Rolling for Initiative is a weekly column by Scott Thorne, PhD, owner of Castle Perilous Games & Books in Carbondale, Illinois and instructor in marketing at Southeast Missouri State University.  This week, Thorne notes the differences between American stores and games stores in France.

Had the opportunity to speak at a summer meeting of the European Wizards of the Coast Marketing and Store Outreach staff in Aix les Bains, France, last week (just west of Geneva, Switzerland for those of you who like to keep track of these things.  I'll be glad to come speak with your group too, on retailing, marketing or consumer behavior.  Email me for details).  As part of the meeting, we visited a couple of game stores the Store Outreach staff described as fairly typical of European stores.  Given that, I noticed some significant differences between those stores and typical ones in America.

Street in front of one of the stores. No autos, foot traffic only.
1.  Small is the norm.  Both stores had street frontage of, I estimated, less than 20 feet, or a little over 6 meters and reached back about 30 feet (about 9.1 meters), giving them roughly 600 square feet of selling space.  Given the limited amount of space, with the exception of Games Workshop products, over 95% of the merchandise was racked spine out and both store did an excellent job of maximizing their available display space  (Incidentally, this reinforces the importance of manufacturers making the spine or edge of their game as readable and attractive as the cover, since, unfortunately, in situations like this, the cover said manufacturer spent lots of time and effort to make as attractive as possible, CAN'T BE SEEN).  Refreshments were limited to sodas kept in a small refrigerator behind the cash wrap.  Aside from the cash wrap, neither store had much in the way of customer space in the retail area, no benches or tables to play at and no chairs for parents to relax upon while waiting for their children to complete shopping.  The exception was a huge miniatures table, about 3 feet by 7 feet, set up to play.  The sales clerk said they kept it there to encourage purchase and play of Games Workshop and Warmachine but that, when Christmas came around, they pulled the terrain off and converted it to a shelf for more boardgames and gift wrapping, which leads to:

2.  Board games are king.  This makes sense, given that Europe is the home of the Essen Game Fair.  However, I was unprepared for the dominance of boardgames as they occupied three quarters of available shelf space in both stores.  From what I gathered, boardgames are far and away the best-selling item in both stores, with trading card games a distant second, followed by miniatures and, waaaay back there in terms of sales, RPGs.  I couldn't even find any collectable miniatures, such as HeroClix, though I did see advertising in the stores for them.  Maybe due to the channels of distribution but it rather surprised me that neither store stocked any of WotC's recent run of board games.  No Castle Ravenloft, Legend of Drizzt or Lords of Waterdeep.  Of course, their size certainly weighs against them, given the size constraints of the stores.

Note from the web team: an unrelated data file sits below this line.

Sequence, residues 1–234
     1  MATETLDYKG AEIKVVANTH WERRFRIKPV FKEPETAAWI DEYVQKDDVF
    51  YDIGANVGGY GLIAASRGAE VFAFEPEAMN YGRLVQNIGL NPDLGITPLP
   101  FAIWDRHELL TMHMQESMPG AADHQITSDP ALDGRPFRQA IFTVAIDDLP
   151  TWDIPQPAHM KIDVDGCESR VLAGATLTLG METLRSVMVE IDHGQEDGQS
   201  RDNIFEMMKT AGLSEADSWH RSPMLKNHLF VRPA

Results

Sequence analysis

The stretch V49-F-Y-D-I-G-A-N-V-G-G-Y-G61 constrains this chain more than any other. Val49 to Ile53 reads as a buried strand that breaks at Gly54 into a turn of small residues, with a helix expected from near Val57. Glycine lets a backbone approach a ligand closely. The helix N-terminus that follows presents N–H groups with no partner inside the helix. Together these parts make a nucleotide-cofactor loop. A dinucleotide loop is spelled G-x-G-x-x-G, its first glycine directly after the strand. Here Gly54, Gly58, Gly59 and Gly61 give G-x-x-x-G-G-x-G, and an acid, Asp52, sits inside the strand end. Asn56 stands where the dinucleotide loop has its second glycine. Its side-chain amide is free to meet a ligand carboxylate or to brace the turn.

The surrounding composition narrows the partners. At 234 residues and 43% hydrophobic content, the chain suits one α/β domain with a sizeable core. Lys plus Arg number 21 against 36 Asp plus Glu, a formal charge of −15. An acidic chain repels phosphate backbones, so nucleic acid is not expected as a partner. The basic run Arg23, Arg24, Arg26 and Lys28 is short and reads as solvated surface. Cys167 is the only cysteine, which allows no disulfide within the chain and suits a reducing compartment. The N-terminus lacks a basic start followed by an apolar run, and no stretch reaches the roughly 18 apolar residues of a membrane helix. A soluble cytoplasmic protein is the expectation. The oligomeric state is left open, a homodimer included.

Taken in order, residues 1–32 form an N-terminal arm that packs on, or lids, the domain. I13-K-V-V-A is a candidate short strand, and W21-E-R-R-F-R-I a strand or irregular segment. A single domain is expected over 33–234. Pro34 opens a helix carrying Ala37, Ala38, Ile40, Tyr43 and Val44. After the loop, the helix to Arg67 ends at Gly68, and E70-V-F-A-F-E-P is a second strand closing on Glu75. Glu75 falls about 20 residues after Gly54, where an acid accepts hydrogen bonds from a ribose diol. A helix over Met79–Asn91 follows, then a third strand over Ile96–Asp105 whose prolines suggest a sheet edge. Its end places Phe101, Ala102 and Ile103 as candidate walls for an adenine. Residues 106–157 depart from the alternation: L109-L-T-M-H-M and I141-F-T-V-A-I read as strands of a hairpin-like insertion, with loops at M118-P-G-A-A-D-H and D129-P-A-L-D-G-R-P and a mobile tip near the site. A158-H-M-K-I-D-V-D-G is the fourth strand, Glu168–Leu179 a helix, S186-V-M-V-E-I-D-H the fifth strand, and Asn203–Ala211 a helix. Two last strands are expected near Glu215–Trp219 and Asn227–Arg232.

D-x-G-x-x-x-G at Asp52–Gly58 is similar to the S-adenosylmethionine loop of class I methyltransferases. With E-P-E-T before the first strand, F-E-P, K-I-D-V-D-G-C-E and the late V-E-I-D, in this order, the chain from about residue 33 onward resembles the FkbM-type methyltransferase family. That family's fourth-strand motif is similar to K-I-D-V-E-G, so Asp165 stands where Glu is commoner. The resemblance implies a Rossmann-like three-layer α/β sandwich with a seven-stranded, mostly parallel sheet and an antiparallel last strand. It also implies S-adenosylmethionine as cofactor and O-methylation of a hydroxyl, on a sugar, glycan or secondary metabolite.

Staircase is along the right wall and leads up to the gaming space.
3.  Playspace is at a premium.  Both stores had gaming areas, but less than a quarter of the size of the playing area you would find in a typical US store.  Both were located on an upper level, accessed via a very narrow staircase, overlooking the store below, meaning that customers in the retail part of the store could easily hear people playing and talking in the gaming space above.  Each area could seat anywhere from 6 to 12 people comfortably but not much more than that.  I also didn't notice many of the posters that cover the walls of a typical American game store.  Whether that is due to aesthetic choices on the part of the store or a lack of promotional posters received by the store, I am not sure, which leads to:

4.  A Sense of design pervades the store.  Unlike many American game stores, which have a mishmash of fixtures from different sources (mine included), here, with the exception of displays provided by the manufacturer, store fixtures all matched, avoiding the jarring effect of bookcases interspersed with rolling video racks or three different styles of display cases making up the cash wrap.  Colors and shelf design were consistent throughout the stores, creating strong eye appeal.

Overall, I was quite impressed with the stores.  The size, as noted above, was a bit off-putting to someone used to the size of American stores, but both stores did an excellent job of maximizing the use of the available space, without seeming crammed to the gills.

The opinions expressed in this column are solely those of the writer, and do not necessarily reflct the views of the editorial staff of